The retention of overstory trees in a shelterwood-with-reserves regeneration method provides structural legacies, but at an unknown cost to white pine regeneration growth. Height, breast height diameter, and basal diameter growth responses of 12-15 year-old naturally regenerated eastern white pine (Pinus strobus L.) to partial overstory removal and pathological pruning (i.e., the removal of lower branches that are most susceptible to blister rust infection) were monitored over four growing seasons in a 110-year-old red pine (Pinus resinosa Ait.) - white pine stand. A two-cut shelterwood-with-reserves system with an average basal area of 23 m2 ha-1 initiated white pine regeneration in 1983. Partial overstory removal in the winter of 1998/99 followed by the July 4th 1999 blow-down event retained an average basal area of 4.5 m2 ha-1 (± 2.3). Five-year white pine seedling growth responses were independent of the level of overstory retention and pruning. Damage from white pine weevil and white pine blister rust were minimal. Residual red and white pines also increased radial growth in response to partial overstory removal. We conclude that a two-cut shelterwood-with-reserves system enhances the structural heterogeneity of the stand without reducing short-term growth of the regeneration. Given low blister rust infection rates, pruning 12-15 year-old white pine under a partial canopy may be unnecessary.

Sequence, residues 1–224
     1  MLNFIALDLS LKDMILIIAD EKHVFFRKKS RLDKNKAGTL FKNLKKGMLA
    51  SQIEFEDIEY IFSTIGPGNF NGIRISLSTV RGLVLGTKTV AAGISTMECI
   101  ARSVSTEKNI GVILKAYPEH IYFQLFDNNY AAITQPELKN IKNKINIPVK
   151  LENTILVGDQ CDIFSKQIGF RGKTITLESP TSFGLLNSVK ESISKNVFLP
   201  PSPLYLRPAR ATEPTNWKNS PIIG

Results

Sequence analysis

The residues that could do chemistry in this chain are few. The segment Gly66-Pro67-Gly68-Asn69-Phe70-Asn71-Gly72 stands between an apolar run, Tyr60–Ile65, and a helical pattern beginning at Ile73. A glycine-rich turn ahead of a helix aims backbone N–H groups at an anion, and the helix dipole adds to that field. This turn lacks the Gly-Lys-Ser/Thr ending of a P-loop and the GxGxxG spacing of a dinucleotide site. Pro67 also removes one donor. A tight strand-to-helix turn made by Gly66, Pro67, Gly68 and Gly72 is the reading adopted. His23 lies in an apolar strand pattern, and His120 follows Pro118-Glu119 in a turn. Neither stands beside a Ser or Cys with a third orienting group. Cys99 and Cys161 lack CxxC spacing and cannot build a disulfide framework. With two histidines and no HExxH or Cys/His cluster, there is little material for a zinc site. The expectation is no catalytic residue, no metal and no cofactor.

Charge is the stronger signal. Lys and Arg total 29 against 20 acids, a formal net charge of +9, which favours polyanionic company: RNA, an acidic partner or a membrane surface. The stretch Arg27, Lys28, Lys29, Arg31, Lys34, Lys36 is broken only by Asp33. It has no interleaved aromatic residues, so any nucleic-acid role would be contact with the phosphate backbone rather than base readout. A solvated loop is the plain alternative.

|Original language||English (US)|
|Number of pages||8|
|Journal||Journal of the Torrey Botanical Society|
|State||Published - Oct 1 2006|
All Science Journal Classification (ASJC) codes
- Ecology, Evolution, Behavior and Systematics
- Plant Science